[eDebate] Recent 'pie' controversy

Gordon Stables stables
Wed Mar 19 13:55:12 CDT 2008


I will apologize for the brevity of these comments, but I scheduled to leave
for CEDA shortly.

 

>From the accounts so far made available, it does appear as though an
incident last weekend has created hard feelings and left many of us looking
for more information. Justin has provided some information and I echo Tuna's
call for additional details before folks provide public judgments on the
individuals and the specific activity.

 

The numerous sarcastic postings of the last few days do little to help this
situation and ignore the human beings involved. Megan's email should remind
everyone that careless comments or actions can be very hurtful. I commend
those who have taken the higher road in discussing the matter with a needed
respect for all involved.

 

I would caution those involved in a more extensive discussion of this, or
any serious matter, to minimize using this forum, especially as the primary
means of consideration. The nature of this space tends to generally
encourage those who are least familiar with the details and most interested
in inflammatory commentary. 

 

Justin provided an important frame for the event when he first posted. He
asked questions about the nature and acceptability of such satirical
practices. David engaged in a line of conversation that I believe Tuna and
others reinforced - satire is an element of political commentary that has
plenty of value  in specific settings, but physical conduct in a debate
setting appears unnecessary and harmful.

 

The question that Justin opened with, and seems relevant today, is the
nature of satire that crosses into the physical and demeaning conduct of an
opponent. The references to the CEDA constitution speak to the importance of
providing an environment where competitors respect each other. 

 

It is undeniable that when debaters engage questions of class and privilege
that debaters will feel a great deal of personal accountability in those
debates. Indeed I would imagine that coaches supporting these arguments seek
to have a conversation about these issues. We should all be aware of the
significance and complexity of these matters as we discuss this issue. It is
not easy to confront an opponent that contends you are in some way involved
in class or structural bias, especially if you also feel aggrieved. 

 

This should not, however,  encourage students to cross the line into
physical conduct against other students. I have tried to learn more about
this incident, but I also acknowledge my very limited grasp of the details.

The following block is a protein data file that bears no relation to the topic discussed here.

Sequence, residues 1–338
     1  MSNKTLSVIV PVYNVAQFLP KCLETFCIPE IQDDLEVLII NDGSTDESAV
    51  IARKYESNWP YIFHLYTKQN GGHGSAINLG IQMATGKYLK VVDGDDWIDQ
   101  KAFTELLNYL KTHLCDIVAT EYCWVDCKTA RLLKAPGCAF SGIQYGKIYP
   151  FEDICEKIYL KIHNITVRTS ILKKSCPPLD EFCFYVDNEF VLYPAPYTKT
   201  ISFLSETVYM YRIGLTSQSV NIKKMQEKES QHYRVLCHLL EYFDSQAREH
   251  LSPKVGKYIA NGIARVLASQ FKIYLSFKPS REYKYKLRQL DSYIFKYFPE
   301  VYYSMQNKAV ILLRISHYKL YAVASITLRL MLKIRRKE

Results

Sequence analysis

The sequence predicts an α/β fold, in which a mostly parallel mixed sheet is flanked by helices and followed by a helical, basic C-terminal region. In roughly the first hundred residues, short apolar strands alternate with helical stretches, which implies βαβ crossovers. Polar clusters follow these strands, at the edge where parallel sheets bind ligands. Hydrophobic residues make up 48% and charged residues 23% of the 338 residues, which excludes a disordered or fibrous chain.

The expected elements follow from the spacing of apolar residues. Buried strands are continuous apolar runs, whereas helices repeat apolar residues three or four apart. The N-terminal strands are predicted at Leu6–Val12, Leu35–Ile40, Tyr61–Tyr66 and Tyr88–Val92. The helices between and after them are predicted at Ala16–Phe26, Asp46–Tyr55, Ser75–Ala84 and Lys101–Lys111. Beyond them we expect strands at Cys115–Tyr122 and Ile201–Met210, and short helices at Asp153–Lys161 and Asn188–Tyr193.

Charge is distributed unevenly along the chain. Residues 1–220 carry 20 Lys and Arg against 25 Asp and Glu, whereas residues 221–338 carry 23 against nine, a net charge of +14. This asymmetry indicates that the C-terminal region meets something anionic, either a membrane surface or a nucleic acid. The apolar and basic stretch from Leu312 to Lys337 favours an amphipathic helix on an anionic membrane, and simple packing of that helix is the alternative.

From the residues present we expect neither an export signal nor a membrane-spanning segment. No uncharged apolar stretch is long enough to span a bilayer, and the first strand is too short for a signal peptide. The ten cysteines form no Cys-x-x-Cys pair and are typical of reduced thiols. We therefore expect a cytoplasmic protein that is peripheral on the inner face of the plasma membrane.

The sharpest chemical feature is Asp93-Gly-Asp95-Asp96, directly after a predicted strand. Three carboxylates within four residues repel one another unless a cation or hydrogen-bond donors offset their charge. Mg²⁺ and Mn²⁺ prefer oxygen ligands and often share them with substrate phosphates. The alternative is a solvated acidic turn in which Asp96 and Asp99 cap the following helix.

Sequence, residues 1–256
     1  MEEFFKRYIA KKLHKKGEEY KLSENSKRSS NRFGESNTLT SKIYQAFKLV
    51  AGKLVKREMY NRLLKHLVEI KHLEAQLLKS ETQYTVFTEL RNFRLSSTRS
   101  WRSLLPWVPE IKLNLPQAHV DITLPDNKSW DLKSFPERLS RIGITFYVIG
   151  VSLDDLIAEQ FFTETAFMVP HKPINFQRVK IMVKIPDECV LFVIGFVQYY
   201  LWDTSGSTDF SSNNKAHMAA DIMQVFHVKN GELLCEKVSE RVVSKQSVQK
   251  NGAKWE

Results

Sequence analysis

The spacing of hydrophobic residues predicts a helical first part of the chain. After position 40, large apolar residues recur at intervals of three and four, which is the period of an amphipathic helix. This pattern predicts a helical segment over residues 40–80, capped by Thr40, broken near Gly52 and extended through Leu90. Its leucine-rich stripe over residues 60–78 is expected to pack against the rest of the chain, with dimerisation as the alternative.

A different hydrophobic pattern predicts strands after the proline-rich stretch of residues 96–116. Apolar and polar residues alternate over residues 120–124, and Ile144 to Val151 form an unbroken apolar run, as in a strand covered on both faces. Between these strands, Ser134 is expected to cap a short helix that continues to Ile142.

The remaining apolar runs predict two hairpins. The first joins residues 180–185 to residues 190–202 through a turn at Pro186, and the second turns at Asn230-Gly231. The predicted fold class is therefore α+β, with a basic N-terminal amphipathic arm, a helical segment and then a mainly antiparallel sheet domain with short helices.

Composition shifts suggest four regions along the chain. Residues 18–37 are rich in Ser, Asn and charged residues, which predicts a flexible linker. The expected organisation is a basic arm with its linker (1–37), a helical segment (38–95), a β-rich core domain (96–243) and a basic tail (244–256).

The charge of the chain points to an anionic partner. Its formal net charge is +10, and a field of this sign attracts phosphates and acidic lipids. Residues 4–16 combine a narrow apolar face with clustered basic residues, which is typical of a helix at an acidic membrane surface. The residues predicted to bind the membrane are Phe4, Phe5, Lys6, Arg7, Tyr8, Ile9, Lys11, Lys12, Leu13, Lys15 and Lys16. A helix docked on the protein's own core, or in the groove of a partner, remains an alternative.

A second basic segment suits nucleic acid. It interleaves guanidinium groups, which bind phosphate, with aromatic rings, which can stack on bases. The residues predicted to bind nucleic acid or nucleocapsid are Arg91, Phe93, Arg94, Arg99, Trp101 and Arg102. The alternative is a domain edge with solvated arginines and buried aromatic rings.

At this point I would just encourage students and coaches alike to seriously
consider the problems of such approaches. A variety of personal and
professional ethical norms should cause great caution when encouraging a
student to physically confront another in any form.

 

I know some have already made claims that this line between speech and
conduct isn't very meaningful. It is hard to dispute that some forms of
language can, and does, create such harm to others. None of this, however,
should be read as a rationale to simply ignore the question of dissuading
individuals from engaging in physical forms of conduct. 

 

The basic unit of our activity is the ability to provide a political space
for students to engage each other. We are passionate in the ways that we
feel that space should be evaluated. We must remember, however, that without
a common willingness to share that space we don't have much of community. 

 

Many of our community understand this fragile trust and work to protect it.
This conversation stems from a single, yet important, debate and ideally the
reflection posed by this conversation allows folks to look at it as a means
of appreciating the boundaries of our activity.

 

It is not to dismiss or belittle to issue to say that the individual
incident should be further discussed and also that coaches and students
consider these boundaries in their arguments and performances.  I am very
eager to continue this discussion both with folks at CEDA and those who are
not attending. Just please heed the call of the many voices in this
conversation who encourage everyone to see the real people involved in this
matter. 

 

Travel safely to Wichita.

Gordon

 

Gordon Stables, Ph.D.
Director of Debate and Forensics
Annenberg School for Communication
University of Southern California
Office: 213 740 2759               Fax: 213 740 3913
 <http://usctrojandebate.com/> http://usctrojandebate.com

 

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